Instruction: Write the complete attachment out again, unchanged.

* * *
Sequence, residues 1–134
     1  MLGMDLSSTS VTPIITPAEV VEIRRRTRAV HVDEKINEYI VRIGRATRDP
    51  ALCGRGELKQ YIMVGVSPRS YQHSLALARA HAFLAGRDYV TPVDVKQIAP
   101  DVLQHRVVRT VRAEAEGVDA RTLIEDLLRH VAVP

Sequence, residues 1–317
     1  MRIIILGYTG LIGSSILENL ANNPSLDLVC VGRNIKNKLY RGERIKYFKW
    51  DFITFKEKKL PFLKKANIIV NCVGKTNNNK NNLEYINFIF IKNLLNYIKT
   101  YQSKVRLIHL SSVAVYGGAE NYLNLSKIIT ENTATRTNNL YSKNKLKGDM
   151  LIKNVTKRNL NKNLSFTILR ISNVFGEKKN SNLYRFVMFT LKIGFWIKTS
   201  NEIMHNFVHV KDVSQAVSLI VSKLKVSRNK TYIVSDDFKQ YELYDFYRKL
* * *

Sequence, residues 1–134
     1  MLGMDLSSTS VTPIITPAEV VEIRRRTRAV HVDEKINEYI VRIGRATRDP
    51  ALCGRGELKQ YIMVGVSPRS YQHSLALARA HAFLAGRDYV TPVDVKQIAP
   101  DVLQHRVVRT VRAEAEGVDA RTLIEDLLRH VAVP

Sequence, residues 1–317
     1  MRIIILGYTG LIGSSILENL ANNPSLDLVC VGRNIKNKLY RGERIKYFKW
    51  DFITFKEKKL PFLKKANIIV NCVGKTNNNK NNLEYINFIF IKNLLNYIKT
   101  YQSKVRLIHL SSVAVYGGAE NYLNLSKIIT ENTATRTNNL YSKNKLKGDM
   151  LIKNVTKRNL NKNLSFTILR ISNVFGEKKN SNLYRFVMFT LKIGFWIKTS
   201  NEIMHNFVHV KDVSQAVSLI VSKLKVSRNK TYIVSDDFKQ YELYDFYRKL